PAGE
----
October 21st, 2011
Justin Verlander is a finalist for not only the American League’s Outstanding Player, but Major League Player of the Year honors among the Players Choice Awards to be announced Nov. 3 on MLB Network.
The MLB Players Association, which administers the awards through player balloting, announced the three finalists for each award on Friday. Verlander is the lone Tiger up for any awards, but the fact that he made the list of finalists for the biggest award on the docket says a lot about his chances.
The awards tend to serve as a preview for the more traditional Major League awards, as voted on by members of the Baseball Writers Association of America and announced later in the month.
Like the AL Cy Young award, Verlander is an overwhelming favorite to win AL Outstanding Pitcher honors. He captured the AL’s pitching Triple Crown by topping all AL pitchers with 24 wins, a 2.40 ERA and 250 strikeouts, becoming the first American Leaguer to do that since Johan Santana in 2006 and the first Tiger since Hal Newhouser in 1945.
Verlander also led AL pitchers with 251 innings, a .192 opposing batting average and a 0.92 WHIP (walks plus hits per innings pitched) ratio.
His competition for outstanding pitcher includes Angels ace Jered Weaver, who barely lost out to Verlander for the league ERA title at 2.41 while posting an 18-8 record for an Angels team that finished second to Texas in the AL West. The other finalist is James Shields, whose 11 complete games left him just five outs shy of Verlander’s innings mark while going 16-12 with a 2.82 ERA and 225 strikeouts over 249 1/3 innings.
No pitcher has won Player of the Year since it was added to the Players Choice Awards in 1998, but Verlander has a very good shot to be the first. His two competitors are his former Detroit teammate Curtis Granderson, who hit 41 homers with 119 RBIs while leading the league with 136 runs scored, and Boston’s Adrian Gonzalez, who finished second to Tigers slugger Miguel Cabrera in batting average at .338 while driving in 117 runs and posting a .410 on-base percentage.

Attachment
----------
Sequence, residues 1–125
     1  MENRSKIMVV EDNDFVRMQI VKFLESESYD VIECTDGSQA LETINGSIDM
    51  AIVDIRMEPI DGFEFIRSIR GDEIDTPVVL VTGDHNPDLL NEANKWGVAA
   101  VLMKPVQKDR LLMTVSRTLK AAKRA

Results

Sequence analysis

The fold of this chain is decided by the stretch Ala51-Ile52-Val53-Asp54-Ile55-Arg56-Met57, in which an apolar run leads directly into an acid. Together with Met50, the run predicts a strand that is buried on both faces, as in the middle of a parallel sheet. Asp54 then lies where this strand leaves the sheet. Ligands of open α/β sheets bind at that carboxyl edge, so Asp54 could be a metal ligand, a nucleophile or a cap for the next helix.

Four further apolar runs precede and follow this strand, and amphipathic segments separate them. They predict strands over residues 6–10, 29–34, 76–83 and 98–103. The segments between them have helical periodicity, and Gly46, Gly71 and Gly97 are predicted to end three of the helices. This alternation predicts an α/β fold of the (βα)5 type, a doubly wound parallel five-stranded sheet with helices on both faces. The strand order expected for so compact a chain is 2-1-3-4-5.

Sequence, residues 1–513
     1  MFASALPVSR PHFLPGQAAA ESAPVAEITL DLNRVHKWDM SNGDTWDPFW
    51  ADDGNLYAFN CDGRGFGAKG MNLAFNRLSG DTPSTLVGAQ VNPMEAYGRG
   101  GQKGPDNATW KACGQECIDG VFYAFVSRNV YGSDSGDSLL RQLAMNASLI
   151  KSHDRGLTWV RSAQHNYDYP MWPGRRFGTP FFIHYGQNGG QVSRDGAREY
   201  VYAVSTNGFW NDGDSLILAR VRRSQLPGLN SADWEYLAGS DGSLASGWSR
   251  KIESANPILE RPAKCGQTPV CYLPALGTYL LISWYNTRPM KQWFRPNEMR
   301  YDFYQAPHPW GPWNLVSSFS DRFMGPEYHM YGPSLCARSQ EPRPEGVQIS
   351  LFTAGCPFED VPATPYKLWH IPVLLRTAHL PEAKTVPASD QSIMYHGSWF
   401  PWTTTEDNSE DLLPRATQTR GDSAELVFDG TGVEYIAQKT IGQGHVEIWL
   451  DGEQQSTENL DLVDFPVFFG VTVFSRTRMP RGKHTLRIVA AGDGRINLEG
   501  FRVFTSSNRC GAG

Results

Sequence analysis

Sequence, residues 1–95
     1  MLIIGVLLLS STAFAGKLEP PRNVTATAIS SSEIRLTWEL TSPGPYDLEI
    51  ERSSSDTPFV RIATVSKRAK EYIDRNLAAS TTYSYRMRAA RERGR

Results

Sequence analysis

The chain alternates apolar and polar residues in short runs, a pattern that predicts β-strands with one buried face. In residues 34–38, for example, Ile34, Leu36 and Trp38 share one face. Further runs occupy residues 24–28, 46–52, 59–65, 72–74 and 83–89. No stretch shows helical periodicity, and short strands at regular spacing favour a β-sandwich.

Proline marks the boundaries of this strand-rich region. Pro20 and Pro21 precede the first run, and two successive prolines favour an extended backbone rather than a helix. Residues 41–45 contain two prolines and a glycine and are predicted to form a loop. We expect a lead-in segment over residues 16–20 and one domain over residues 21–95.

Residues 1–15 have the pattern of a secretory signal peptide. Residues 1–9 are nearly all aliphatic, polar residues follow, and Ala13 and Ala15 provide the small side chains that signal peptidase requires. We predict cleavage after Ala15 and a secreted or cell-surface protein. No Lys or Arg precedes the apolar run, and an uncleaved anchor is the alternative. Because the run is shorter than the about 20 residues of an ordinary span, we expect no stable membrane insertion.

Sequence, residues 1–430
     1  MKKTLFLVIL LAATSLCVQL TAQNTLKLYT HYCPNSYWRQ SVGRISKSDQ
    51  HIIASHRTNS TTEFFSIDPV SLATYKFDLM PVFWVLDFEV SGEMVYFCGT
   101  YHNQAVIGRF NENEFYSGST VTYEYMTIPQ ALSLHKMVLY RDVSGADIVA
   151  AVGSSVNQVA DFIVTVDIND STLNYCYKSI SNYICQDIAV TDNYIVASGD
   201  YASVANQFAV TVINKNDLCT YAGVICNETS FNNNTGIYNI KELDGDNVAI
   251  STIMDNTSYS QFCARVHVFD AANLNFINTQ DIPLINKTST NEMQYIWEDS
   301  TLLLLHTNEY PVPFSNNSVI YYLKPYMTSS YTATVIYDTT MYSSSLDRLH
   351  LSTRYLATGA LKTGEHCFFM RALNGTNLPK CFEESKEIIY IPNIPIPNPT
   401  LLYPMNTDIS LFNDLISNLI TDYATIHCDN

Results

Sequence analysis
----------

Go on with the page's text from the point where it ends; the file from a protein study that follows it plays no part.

The Player of the Year award is the players’ equivalent of MVP honors, but it includes players from both leagues. How Verlander fares in balloting won’t necessarily reflect how his AL MVP chances went, because it’s hard to tell whether player sentiment on voting a pitcher for a traditional position player honor reflects the views of writers who vote on MVP. Still, it would be a very nice harbinger for him.
Cabrera did not make the list for Player of the year, nor did he crack the three finalists for AL Outstanding Player despite his AL batting crown. It’s worth noting, though, that balloting among players was conducted in mid-September, before Cabrera’s final-week run to lead the league in average.
Players Choice winners in each category will designate charities to receive grants from the Major League Baseball Players Trust, which promotes community involvement while raising funds and attention for worthy causes. A total of $260,000 in grants will be given out from the awards.
Venezuelan journalist Ignacio Serrano got in touch with Miguel Cabrera yesterday for his reaction to winning the Luis Aparicio Award as Venezuela’s best Major League player this season. Cabrera was very humbled by the award, and the fact that he won it by a unanimous vote from Venezuelan and Spanish-speaking baseball writers, and he talked about being able to spend time at home with his family.
At the end of the post is news that Cabrera will skip the MLB all-star series in Taiwan next weekend to rest his sore right shoulder, which is still bothering him since his collision with Mike Napoli at home plate in Game 4 of the ALCS. If it stays sore, Cabrera told Serrano, he’ll have an MRI to make sure there’s nothing more serious.
Update at 5:20pm: An MLB spokesperson confirmed Cabrera has decided not to take part and will stay home to rest.
Cabrera had agreed to go on the Taiwan trip with Curtis Granderson and Robinson Cano, among others, but it depended on how far the Tigers got into the postseason. The fact that the Tigers got as deep as they did, six games into the ALCS, didn’t leave much time for Cabrera to recuperate.
As for the shoulder, the fact that Cabrera didn’t have tests on the shoulder before going home suggests it isn’t a long-term concern.